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Figure 2. Anesthetic exposure during the perinatal period had negative effects on spatial working memory in young mice. Eight-arm radial maze testing was performed in wild-type mice (+/+; circles) and Bip mutant mice (Bm; triangles) at 10 weeks after sevoflurane exposure (+/+ sevo, n = 12, closed red circles; Bm/+ sevo, n = 16, closed red triangles), and without exposure (+/+, n = 6, open blue circles; Bm/+, n = 8; open blue triangles). Tests were performed for 5 days. Statistical significance was determined by one-way repeated measures analysis of variance (ANOVA) followed by Bonferroni’s multiple comparison testing. (a) Correct answer rates are shown as the mean value of each group + standard error of the mean (SEM). The correct answer rate was defined as the ratio of successful attempts to overall attempts (0.0–1.0). (b) Mean completion times for each group + SEM (data extracted from DATASET S1 and DATASET S2, Front. Neurosci. 12:753. doi:10.3389/fnins. 2018.00753). Fetal anesthetic exposure resulted in a lower correct answer rate (p < 0.05) (a), and a longer completion time (p < 0.01) (b), compared with unexposed mice; this was the case for both Bip mutant mice and wild-type mice.
Figure 2. Anesthetic exposure during the perinatal period had negative effects on spatial working memory in young mice. Eight-arm radial maze testing was performed in wild-type mice (+/+; circles) and Bip mutant mice (Bm; triangles) at 10 weeks after sevoflurane exposure (+/+ sevo, n = 12, closed red circles; Bm/+ sevo, n = 16, closed red triangles), and without exposure (+/+, n = 6, open blue circles; Bm/+, n = 8; open blue triangles). Tests were performed for 5 days. Statistical significance was determined by one-way repeated measures analysis of variance (ANOVA) followed by Bonferroni’s multiple comparison testing. (a) Correct answer rates are shown as the mean value of each group + standard error of the mean (SEM). The correct answer rate was defined as the ratio of successful attempts to overall attempts (0.0–1.0). (b) Mean completion times for each group + SEM (data extracted from DATASET S1 and DATASET S2, Front. Neurosci. 12:753. doi:10.3389/fnins. 2018.00753). Fetal anesthetic exposure resulted in a lower correct answer rate (p < 0.05) (a), and a longer completion time (p < 0.01) (b), compared with unexposed mice; this was the case for both Bip mutant mice and wild-type mice.
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Figure 3. Pre-exposure to sevoflurane may induce the UPR and reduce the damage caused by hypoxia. (a) Cells were exposed to 3% sevoflurane for 5 h. After 12 h of recovery time, cells were exposed to hypoxic conditions (1% O2) for 17 h before collection. Hypoxia alone induced the expression of CHOP. Pre-exposure to sevoflurane reduced the expression of CHOP while siBiP enhanced the expression of CHOP. (b) Densitometry was performed for three experiments. The density of CHOP relative to that of tubulin was measured by Image J and analyzed by one-way analysis of variance (ANOVA) followed by Dunnett’s multiple comparison test. Values indicate mean + standard error of the mean (SEM). Control vs. siBip; p < 0.05.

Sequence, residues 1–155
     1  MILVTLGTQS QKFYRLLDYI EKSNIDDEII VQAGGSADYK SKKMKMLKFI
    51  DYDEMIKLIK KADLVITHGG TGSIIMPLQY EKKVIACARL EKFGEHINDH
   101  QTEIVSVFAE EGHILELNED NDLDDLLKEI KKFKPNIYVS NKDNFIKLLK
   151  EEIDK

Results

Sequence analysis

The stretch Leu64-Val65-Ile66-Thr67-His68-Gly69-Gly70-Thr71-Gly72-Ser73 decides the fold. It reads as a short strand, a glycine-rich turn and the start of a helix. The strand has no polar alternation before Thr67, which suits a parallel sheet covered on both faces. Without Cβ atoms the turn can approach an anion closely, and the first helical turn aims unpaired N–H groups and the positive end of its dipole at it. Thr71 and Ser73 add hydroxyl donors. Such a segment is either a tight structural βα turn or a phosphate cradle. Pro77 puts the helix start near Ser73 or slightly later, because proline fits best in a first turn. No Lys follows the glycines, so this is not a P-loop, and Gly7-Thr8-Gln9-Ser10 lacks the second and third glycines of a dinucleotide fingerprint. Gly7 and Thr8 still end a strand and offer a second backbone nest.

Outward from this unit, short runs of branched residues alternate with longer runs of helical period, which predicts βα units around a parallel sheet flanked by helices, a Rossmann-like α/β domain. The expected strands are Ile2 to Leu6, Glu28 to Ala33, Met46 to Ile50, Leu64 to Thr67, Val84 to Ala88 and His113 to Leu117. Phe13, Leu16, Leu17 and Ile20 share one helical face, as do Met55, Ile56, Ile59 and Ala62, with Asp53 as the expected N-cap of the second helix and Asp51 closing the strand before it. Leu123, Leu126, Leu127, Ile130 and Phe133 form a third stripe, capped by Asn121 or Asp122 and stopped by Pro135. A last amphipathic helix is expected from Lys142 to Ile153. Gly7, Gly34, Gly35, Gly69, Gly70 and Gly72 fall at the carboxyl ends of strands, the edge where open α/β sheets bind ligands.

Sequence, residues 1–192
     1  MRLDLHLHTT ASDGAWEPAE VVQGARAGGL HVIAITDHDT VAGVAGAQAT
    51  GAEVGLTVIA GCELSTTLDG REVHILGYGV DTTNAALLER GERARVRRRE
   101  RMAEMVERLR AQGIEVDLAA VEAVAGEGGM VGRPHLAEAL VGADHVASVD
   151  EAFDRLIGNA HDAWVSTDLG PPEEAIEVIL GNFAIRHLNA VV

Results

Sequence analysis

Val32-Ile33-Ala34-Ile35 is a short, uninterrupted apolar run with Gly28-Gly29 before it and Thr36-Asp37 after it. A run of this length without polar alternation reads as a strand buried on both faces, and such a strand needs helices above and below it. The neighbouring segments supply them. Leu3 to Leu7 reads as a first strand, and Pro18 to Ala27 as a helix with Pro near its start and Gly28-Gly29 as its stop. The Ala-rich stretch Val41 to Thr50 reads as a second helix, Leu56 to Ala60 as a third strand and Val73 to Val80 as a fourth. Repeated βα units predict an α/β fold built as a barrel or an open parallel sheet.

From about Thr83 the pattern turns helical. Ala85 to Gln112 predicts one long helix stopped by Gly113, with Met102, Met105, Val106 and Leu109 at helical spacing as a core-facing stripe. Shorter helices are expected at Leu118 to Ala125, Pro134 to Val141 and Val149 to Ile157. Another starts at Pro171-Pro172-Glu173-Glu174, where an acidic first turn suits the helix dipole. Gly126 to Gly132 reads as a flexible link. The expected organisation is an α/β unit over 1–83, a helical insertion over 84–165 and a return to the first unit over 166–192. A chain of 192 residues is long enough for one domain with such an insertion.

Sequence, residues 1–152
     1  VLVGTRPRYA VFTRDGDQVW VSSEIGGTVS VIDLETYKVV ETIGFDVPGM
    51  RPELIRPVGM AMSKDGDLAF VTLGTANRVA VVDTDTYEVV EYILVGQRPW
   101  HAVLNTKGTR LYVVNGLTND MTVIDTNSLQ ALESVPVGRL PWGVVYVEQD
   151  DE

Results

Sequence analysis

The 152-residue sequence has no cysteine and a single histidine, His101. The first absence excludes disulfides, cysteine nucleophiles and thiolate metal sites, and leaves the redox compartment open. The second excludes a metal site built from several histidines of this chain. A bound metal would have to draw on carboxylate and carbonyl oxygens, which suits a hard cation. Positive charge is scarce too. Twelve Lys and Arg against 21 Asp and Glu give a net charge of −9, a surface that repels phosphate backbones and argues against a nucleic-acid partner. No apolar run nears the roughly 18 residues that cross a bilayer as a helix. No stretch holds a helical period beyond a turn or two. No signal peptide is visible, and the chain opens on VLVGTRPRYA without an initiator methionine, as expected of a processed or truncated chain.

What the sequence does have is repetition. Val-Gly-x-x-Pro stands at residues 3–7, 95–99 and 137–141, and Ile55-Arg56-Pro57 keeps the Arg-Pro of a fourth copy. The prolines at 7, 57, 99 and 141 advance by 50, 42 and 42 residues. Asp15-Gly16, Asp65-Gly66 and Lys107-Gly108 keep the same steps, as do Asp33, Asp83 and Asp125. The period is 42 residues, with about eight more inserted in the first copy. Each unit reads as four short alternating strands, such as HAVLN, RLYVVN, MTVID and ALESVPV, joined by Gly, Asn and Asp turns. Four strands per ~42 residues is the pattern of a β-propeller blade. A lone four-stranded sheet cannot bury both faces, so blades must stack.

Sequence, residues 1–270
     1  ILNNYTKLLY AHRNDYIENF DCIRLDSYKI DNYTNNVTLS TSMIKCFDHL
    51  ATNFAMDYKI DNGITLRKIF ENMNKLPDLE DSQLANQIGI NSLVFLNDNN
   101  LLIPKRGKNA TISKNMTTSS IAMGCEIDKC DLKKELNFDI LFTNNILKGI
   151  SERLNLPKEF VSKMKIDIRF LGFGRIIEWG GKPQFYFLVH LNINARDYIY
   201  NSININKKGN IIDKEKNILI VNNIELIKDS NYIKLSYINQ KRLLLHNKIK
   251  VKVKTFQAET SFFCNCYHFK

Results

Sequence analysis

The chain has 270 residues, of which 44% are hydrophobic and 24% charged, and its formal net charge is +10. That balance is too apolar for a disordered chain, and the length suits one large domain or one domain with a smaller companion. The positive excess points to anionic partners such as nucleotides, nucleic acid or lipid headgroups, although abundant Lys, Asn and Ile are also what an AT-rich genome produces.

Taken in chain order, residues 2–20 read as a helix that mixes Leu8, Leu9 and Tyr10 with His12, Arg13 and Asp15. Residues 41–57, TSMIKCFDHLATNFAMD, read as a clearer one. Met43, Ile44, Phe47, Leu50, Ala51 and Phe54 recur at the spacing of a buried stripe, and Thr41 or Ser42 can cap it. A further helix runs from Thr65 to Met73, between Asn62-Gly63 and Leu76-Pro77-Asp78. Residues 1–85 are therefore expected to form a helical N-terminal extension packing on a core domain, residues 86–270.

Figure 3. Pre-exposure to sevoflurane may induce the UPR and reduce the damage caused by hypoxia. (a) Cells were exposed to 3% sevoflurane for 5 h. After 12 h of recovery time, cells were exposed to hypoxic conditions (1% O2) for 17 h before collection. Hypoxia alone induced the expression of CHOP. Pre-exposure to sevoflurane reduced the expression of CHOP while siBiP enhanced the expression of CHOP. (b) Densitometry was performed for three experiments. The density of CHOP relative to that of tubulin was measured by Image J and analyzed by one-way analysis of variance (ANOVA) followed by Dunnett’s multiple comparison test. Values indicate mean + standard error of the mean (SEM). Control vs. siBip; p < 0.05.
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Figure 4. Anesthetic exposure had positive effects on spatial working memory in adult wild-type mice, but not mutant BiP mice. Eight-arm radial maze testing was performed in adult wild-type mice (+/+; circles) and mutant-Bip mice (Bm; triangles) 7 days after sevoflurane (sevo) exposure (+/+ sevo, n = 4, closed red circles; Bm/+ sevo, n = 5, closed red triangles) and without exposure (+/+, n = 7, open circles; Bm/+, n = 10; open triangles). Tests were performed over 5 days. Significance was determined by one-way repeated measures ANOVA followed by Bonferroni’s multiple comparison testing. (a) Correct answer rates are shown as the mean value for each group + standard error of the mean (SEM). The correct answer rate was defined as the ratio of successful attempts to the number of overall attempts (0.0–1.0). (b) Completion times represent the mean for each group + SEM.
Figure 4. Anesthetic exposure had positive effects on spatial working memory in adult wild-type mice, but not mutant BiP mice. Eight-arm radial maze testing was performed in adult wild-type mice (+/+; circles) and mutant-Bip mice (Bm; triangles) 7 days after sevoflurane (sevo) exposure (+/+ sevo, n = 4, closed red circles; Bm/+ sevo, n = 5, closed red triangles) and without exposure (+/+, n = 7, open circles; Bm/+, n = 10; open triangles). Tests were performed over 5 days. Significance was determined by one-way repeated measures ANOVA followed by Bonferroni’s multiple comparison testing. (a) Correct answer rates are shown as the mean value for each group + standard error of the mean (SEM). The correct answer rate was defined as the ratio of successful attempts to the number of overall attempts (0.0–1.0). (b) Completion times represent the mean for each group + SEM.